The TLC-NOSF (UrgoStart, Urgo Medical) advanced wound care dressing was recently recommended by the UK National Institute for Health and Care Excellence (NICE) for healing of venous and diabetic foot ulcers. Speaking at the European Wound Management Association annual meeting (EWMA; 5–7 June, Gothenburg, Sweden)
Isaac Odeyemi from Manchester Metropolitan University in Manchester, UK presented the results of two cost-effectiveness studies examining the economic impact of UrgoStart dressing use on the healthcare systems of the UK and Germany.
Both studies involved a Markov-model cost-effectiveness design using four states of patient health, with a further distinction made between pre- and post-amputation wounds. Referring to the EXPLORER double-blinded randomised controlled trial, which demonstrated the safety and efficacy of the dressing, Odeyemi noted that the trial informed the model efficacy parameters of their analysis, supplemented by estimates from the literature. In the models for UK, the EXPLORER study’s endpoint of 20 weeks was extrapolated to a base-case time horizon of one year, which was further extended to 100 weeks in the German model.
Costs were analysed from individual countries’ perspectives, and adjusted for 2017 prices. As reported by NICE in their recommendation for UrgoStart dressings, Odeyemi quoted an average annual cost-saving of “up to £5.4 million each year, if only 25% of people having treatment with diabetic foot ulcers in the UK use UrgoStart”. He explained that the study “therefore aims to report the economic evidence underpinning the UK NICE guidance on UrgoStart, as well as explore the perspective from the German Stautatory Health Insurance.”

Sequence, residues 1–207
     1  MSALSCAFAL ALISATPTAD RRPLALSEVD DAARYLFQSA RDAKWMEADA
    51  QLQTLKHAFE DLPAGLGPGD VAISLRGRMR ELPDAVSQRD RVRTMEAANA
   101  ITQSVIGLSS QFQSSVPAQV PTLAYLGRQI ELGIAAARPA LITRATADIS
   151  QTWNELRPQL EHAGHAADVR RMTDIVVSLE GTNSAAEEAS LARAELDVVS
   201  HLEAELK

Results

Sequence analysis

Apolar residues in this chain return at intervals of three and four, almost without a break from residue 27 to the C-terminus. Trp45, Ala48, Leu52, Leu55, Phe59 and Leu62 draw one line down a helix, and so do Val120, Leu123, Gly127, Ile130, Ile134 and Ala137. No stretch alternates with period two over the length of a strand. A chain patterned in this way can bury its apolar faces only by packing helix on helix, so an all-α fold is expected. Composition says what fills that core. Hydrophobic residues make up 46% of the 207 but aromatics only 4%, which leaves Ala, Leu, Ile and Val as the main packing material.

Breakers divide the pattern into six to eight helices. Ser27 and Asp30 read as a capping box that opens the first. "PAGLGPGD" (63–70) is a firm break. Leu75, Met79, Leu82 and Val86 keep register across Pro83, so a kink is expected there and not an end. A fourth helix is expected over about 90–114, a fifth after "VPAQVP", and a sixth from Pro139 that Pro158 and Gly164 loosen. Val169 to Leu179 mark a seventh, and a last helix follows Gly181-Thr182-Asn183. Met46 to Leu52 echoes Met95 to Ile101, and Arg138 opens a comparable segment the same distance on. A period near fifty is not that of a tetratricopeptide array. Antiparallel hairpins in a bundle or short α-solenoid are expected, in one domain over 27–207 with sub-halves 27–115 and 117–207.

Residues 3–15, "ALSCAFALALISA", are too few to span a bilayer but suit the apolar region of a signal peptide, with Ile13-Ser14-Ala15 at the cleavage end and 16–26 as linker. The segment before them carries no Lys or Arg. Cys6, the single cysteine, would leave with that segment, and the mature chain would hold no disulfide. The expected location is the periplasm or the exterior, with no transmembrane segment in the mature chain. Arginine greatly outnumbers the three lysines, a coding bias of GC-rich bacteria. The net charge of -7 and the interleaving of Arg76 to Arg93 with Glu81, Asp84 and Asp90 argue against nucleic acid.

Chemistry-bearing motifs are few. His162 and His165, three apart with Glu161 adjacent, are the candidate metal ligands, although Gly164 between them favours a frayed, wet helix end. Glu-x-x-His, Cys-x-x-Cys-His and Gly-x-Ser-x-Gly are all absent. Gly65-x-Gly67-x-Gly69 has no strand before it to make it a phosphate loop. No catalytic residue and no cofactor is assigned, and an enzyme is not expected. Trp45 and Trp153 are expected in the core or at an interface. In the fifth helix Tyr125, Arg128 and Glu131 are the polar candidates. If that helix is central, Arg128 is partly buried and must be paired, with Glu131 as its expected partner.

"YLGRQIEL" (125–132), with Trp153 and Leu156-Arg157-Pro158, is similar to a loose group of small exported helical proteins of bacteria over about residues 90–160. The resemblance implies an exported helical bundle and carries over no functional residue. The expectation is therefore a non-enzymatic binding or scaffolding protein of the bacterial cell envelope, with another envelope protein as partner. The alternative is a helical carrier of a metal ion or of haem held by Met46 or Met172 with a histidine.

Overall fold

In the UK, Odeyemi reported the study demonstrated a cost saving of £342 per patient over one year, with a healing time reduced by “up to 60 days”. In the German study, the model demonstrated a lower cost per effectively treated bleed of €6,77.58 for the UrgoStart group, compared to €10,375.56 for the control group over the 100 week period.
Surprisingly, Odeyemi said, “sensitivity analyses also showed that UrgoStart was dominant in terms of all the model input varied. […] You could give any other dressing in the healthcare system for free—and UrgoStart would still be cost-saving.” This is a rare result in a health economics analysis, he stated, emphasising that the dressing was economically dominant in both the UK and the German studies: “two independent studies giving us exactly the same result.”
In conclusion, Odeyemi emphasised the importance of the finding: “This is actually quite significant—it is a lot of money that healthcare systems can actually save. The main cost driver was the efficacy of the TLC-NOSF compared to neutral advanced wound care dressings. Furthermore, earlier use of the dressing resulted in even better efficacy, higher cost savings and better quality of life.”
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